As for Equifax themselves, it’s hard for me to see a way they are able to survive this breach, the effects will be long lasting to nearly half of all Americans and there is already one class action lawsuit filed against them for $70 billion dollars with much more coming their way as people start being directly affected by this breach. Hopefully this breach helps companies understand how just one breach can completely change their business or even end it outright if enough information is lost and the importance of securing your data in today’s world of constant data breaches.

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China hacked into the federal gov network, compromising 4 million employees' info. The Post's Ellen Nakashima talks about what kind of national security risk this poses and why China wants this information.

By Ellen Nakashima as written on The Washington Post - June 2015.
China hacked into the federal government’s network, compromising four million current and former employees' information. The Post's Ellen Nakashima talks about what kind of national security risk this poses and why China wants this information. (Alice Li/The Washington Post)
Hackers working for the Chinese state breached the computer system of the Office of Personnel Management in December, U.S., and the agency will notify about 4 million current and former federal employees that their personal data may have been compromised.
The hack was the largest breach of federal employee data in recent years. It was the second major intrusion of the same agency by China in less than a year and the second significant foreign breach into U.S. government networks in recent months.Last year, Russia compromised White House and State Department e-mail systems in a campaign of cyber­espionage.
The OPM, using new tools, discovered the breach in April, according to officials at the agency who declined to discuss who was behind the hack.
Other U.S. officials, who spoke on the condition of anonymity, citing the ongoing investigation, identified the hackers as being state-sponsored.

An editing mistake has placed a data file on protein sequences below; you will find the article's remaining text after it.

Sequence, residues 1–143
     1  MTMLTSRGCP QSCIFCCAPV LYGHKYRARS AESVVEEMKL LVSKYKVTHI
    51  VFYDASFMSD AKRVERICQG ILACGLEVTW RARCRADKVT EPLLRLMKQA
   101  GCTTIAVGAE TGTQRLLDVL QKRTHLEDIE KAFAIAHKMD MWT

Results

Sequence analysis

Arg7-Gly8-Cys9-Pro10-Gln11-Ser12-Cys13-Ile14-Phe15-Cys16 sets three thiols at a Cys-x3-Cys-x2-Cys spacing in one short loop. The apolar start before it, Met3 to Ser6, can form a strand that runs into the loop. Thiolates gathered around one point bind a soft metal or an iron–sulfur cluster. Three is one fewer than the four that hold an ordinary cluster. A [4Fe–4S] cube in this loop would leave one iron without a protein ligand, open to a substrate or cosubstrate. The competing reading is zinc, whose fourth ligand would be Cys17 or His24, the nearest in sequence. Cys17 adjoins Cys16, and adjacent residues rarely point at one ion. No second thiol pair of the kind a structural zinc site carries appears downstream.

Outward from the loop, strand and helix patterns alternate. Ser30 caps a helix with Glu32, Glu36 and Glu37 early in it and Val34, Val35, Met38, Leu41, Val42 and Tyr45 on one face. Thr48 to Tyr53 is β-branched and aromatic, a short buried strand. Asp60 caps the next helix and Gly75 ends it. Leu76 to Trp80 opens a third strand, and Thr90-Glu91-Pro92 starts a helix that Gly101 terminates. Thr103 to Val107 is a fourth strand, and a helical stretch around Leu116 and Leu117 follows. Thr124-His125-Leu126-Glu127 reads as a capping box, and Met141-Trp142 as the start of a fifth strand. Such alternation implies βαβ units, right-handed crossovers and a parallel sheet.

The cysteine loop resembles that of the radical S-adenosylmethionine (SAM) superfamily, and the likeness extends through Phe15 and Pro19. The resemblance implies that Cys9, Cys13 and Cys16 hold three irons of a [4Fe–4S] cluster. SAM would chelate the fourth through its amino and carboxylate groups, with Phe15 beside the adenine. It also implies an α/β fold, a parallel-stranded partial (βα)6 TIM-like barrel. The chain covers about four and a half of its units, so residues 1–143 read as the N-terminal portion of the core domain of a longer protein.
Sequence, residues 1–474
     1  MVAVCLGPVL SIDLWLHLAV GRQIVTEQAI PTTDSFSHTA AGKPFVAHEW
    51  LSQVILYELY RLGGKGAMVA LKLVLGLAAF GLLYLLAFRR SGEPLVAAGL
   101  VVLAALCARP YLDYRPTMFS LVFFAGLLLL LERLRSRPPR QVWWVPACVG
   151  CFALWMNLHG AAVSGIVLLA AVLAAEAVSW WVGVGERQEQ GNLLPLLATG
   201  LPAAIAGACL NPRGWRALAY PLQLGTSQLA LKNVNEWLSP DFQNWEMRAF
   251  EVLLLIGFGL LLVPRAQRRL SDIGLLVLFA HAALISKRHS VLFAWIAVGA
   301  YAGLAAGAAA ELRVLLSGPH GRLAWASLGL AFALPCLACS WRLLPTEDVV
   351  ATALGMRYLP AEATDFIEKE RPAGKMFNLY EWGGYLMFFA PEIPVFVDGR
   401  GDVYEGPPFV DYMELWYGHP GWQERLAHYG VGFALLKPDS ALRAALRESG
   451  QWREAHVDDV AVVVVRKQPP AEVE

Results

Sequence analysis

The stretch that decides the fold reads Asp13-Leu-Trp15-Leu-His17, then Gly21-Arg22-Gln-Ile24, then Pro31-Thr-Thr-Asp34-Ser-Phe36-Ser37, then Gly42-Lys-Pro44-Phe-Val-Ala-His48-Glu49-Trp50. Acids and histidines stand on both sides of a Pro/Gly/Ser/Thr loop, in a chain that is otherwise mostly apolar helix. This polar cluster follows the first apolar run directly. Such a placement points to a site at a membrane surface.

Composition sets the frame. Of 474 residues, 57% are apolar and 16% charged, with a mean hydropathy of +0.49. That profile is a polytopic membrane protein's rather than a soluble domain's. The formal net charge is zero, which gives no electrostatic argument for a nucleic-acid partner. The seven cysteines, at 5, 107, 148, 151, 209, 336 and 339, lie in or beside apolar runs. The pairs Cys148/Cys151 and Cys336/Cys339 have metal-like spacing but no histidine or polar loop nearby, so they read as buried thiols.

One private security firm, iSight Partners, says it has linked the OPM intrusion to the same cyber­espionage group that hacked the health insurance giant Anthem. The FBI suspects that that intrusion, announced in February, was also the work of Chinese hackers, people close to the investigation have said.
The intruders in the OPM case gained access to information that included employees’ Social Security numbers, job assignments, performance ratings and training information, agency officials said. OPM officials declined to comment on whether payroll data was exposed other than to say that no direct-
deposit information was compromised. They could not say for certain what data was taken, only what the hackers gained access to.
“Certainly, OPM is a high-value target,” Donna Seymour, the agency’s chief information officer, said in an interview. “We have a lot of information about people, and that is something that our adversaries want.”
The personal information exposed could be useful in crafting “spear-phishing” e-mails, which are designed to fool recipients into opening a link or an attachment so that the hacker can gain access to computer systems. Using the stolen OPM data, for instance, a hacker might send a fake e-mail purporting to be from a colleague at work.
After the earlier breach discovered in March 2014, the OPM undertook “an aggressive effort to update our cybersecurity posture, adding numerous tools and capabilities to our networks,” Seymour said. “As a result of adding these tools, we were able to detect this intrusion into our networks.”
“Protecting our federal employee data from malicious cyber incidents is of the highest priority at OPM,” Director Katherine Archuleta said in a statement.
In the current incident, the hackers targeted an OPM data center housed at the Interior Department. The database did not contain information on background investigations or employees applying for security clear­ances, officials said.
By contrast, in March 2014, OPM officials discovered that hackers had breached an OPM system that manages sensitive data on federal employees applying for clearances. That often includes financial data, information about family and other sensitive details. That breach, too, was attributed to China, other officials said. OPM officials declined to comment on whether the data affected in this incident was encrypted or had sensitive details masked. They said it appeared that the intruders are no longer in the system.
“There is no current activity,” an official said. But Chinese hackers frequently try repeat intrusions.